Cops and Robbers (Again): Solving the South China Sea Dilemma
Editor’s note: This is the second part of a two-part story about the strategic situation, key dilemma and best solution in the South China Sea. For a better understanding of the second part, the reader is encouraged to read the first part, which lays out the situation and the problem in the region.
As promised, my friend and I met after the holidays to discuss the South China Sea issue. In our previous conversation, I used a fable to clarify the situation and the key problem in this region. We employed this language again when discussing how to solve the problem because it helped us to focus on the essential, remove distractions and minimize irrelevant attachments to real names.
“Did you find a solution to the dilemma?” I greeted my friend provocatively.
“Your story left me with more questions than answers,” he replied with his usual smile.
“Tell me your questions,” I said, curious.
“Is the robber really a robber?” my friend asked musingly. “He wants to live with the neighborhood’s residents as an extended family in which he is the uncle. If the policeman stopped patrolling the street, the robber might stop robbing.”
“The word ‘family’ suggests warmth, which sometimes translates into insulation from the law, but the word ‘uncle’ implies a hierarchy of unequal rights,” I said, tried to explain to him what “family” and “uncle” mean in the Asian context. “Most of the residents want equal rights and impartial laws, but the guy in the biggest house in the neighborhood wants to stand above the law with his ‘historical rights,’ and above the other residents as their uncle.”
Now it was my friend’s turn to turn curious: “How can he stand above the law and above the other residents?”
“By overwhelming force or money, firm resolve and serpentine tactics,” I answered. “One tactic is to give aid with no strings attached initially—but the strings would come later, as a consequence of the structural dependence. Another is to create new facts on the ground in ways that rig the landscape without triggering a large fight. And the occasional robbery is part of this strategy, too. He robs not only the policeman, but also other residents on the street.”
“But why does he want to be their uncle?” My friend’s curiosity did not appear to subside.
“He has a dream,” I explained. “He dreams of a future that resembles the glorious past of his own family. He calls it the ‘great rejuvenation’ of his family. In the past, his family stood above everyone else in the neighborhood, and they ruled the neighborhood not by law, but by a combination of overwhelming force and rituals that reinforced their roles as uncle and nieces or nephews.”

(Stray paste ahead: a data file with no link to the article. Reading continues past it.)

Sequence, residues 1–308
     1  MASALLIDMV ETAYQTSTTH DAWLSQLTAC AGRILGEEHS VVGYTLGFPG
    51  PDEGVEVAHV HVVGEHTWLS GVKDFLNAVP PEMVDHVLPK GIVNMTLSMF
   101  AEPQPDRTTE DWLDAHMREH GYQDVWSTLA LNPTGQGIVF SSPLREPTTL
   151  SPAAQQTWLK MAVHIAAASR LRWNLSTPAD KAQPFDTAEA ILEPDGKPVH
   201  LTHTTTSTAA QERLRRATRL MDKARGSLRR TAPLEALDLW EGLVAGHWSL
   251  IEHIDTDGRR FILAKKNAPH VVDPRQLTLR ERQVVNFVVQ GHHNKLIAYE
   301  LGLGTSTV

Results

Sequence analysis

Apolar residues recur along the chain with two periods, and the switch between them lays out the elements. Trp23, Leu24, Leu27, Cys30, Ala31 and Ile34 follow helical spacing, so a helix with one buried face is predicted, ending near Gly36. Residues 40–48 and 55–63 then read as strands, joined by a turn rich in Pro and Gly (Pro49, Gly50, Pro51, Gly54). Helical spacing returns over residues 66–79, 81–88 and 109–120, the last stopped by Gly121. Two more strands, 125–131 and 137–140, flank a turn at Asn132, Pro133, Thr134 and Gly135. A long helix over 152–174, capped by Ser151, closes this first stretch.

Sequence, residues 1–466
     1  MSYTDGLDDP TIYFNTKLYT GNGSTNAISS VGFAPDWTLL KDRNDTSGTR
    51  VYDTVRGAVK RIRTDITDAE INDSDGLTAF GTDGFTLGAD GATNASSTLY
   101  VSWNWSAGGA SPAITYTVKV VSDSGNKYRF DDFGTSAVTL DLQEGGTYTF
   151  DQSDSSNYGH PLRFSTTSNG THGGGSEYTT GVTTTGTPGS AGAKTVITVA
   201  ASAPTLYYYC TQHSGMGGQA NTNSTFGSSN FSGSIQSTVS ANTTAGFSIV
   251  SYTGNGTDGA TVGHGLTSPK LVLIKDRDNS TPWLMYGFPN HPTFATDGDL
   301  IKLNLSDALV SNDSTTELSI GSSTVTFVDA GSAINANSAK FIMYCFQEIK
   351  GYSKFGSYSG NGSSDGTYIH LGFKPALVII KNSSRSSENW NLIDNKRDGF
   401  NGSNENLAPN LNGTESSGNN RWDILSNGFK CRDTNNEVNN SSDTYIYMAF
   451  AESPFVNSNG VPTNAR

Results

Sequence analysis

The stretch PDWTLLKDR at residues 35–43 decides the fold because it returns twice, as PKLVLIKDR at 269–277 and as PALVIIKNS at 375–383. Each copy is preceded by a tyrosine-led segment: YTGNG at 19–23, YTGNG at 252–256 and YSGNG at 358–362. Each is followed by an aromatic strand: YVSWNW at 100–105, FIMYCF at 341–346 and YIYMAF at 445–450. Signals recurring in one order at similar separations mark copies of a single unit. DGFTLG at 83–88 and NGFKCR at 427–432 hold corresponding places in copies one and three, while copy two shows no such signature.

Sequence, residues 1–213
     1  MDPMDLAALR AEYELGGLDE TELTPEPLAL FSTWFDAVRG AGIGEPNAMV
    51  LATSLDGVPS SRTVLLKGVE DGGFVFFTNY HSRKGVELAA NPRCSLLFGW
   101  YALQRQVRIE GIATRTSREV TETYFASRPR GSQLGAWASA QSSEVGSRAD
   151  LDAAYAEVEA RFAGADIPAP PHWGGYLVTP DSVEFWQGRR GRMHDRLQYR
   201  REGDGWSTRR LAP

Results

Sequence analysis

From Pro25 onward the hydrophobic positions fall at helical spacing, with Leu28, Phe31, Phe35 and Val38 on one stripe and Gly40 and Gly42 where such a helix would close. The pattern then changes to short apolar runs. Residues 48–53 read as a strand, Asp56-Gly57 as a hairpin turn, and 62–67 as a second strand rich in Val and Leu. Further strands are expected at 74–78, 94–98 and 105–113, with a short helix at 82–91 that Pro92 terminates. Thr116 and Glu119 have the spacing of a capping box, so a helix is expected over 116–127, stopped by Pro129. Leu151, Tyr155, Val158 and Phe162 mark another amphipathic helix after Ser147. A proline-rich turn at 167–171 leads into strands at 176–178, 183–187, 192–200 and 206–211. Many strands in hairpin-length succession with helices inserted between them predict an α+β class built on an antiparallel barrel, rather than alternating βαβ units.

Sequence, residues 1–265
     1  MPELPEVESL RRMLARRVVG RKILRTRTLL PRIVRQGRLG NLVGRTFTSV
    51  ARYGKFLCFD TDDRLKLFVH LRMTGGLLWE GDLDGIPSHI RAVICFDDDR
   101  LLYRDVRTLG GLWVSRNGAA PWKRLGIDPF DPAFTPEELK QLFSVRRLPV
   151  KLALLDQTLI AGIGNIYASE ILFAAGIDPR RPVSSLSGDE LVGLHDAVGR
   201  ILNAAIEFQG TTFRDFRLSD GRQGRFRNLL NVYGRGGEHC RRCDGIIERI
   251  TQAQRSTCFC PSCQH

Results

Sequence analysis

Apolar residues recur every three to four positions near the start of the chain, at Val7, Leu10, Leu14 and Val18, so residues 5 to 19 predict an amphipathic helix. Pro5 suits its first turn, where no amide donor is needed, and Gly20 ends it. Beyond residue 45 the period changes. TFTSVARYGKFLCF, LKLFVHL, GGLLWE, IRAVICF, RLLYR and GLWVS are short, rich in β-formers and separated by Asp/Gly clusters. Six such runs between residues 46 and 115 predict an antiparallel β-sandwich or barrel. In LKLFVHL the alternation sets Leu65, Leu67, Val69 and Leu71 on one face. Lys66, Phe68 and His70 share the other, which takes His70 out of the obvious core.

“Does everybody in his own family now share his dream?” my friend continued to interrogate.
“Of course not,” I responded. “But he wants everyone in the family to dream his dream, and those who have a different dream are powerless.”
“Can we empower those who have a different dream?” asked my friend.
“That’s as difficult as changing his dream.”
“But we can change his dream,” argued my friend, his eyes full of confidence.
“How?” I got excited.
“With the right incentives and disincentives, you can even change people’s dreams,” he declared with a smile. “But I need a little more information about the uncle.”
My friend inquired: “What does he want most, and what does he fear most?”
“Power,” I summed up quickly, then elaborated: “What he wants most is to stay in power, and what he fears most is the loss of power as head of the family.”
“How does this relate to his dream?” my friend continued his investigation.
“He relies on three key tools to hold on to power,” I answered. “He uses force to repress those who oppose his role. He also uses material benefits to buy the support of others. And the dream of rejuvenation creates a rallying point for his family members to endorse his leadership.” Pausing for a moment, I remarked: “What’s interesting is that force and material benefits are expensive to maintain, while the dream of rejuvenation is far cheaper, because it is aligned with psychology and rooted in culture and history.”
“Hmm, so his role as head of his family and his dream as boss of the neighborhood are inextricably intertwined,” noted my friend. Then he turned to a different matter: “What about the economy of the uncle’s house?”
“They have undergone a long period of high growth, which catapulted them to the second place in the world, second only to the policeman’s,” I answered. “According to the latest data, their annual income is more than a half the neighborhood’s total, and about 60 percent that of the policeman’s house.” (This is the neighborhood of the East and South China Seas.)
“How did they achieve this feat? What is their recipe?” asked my friend.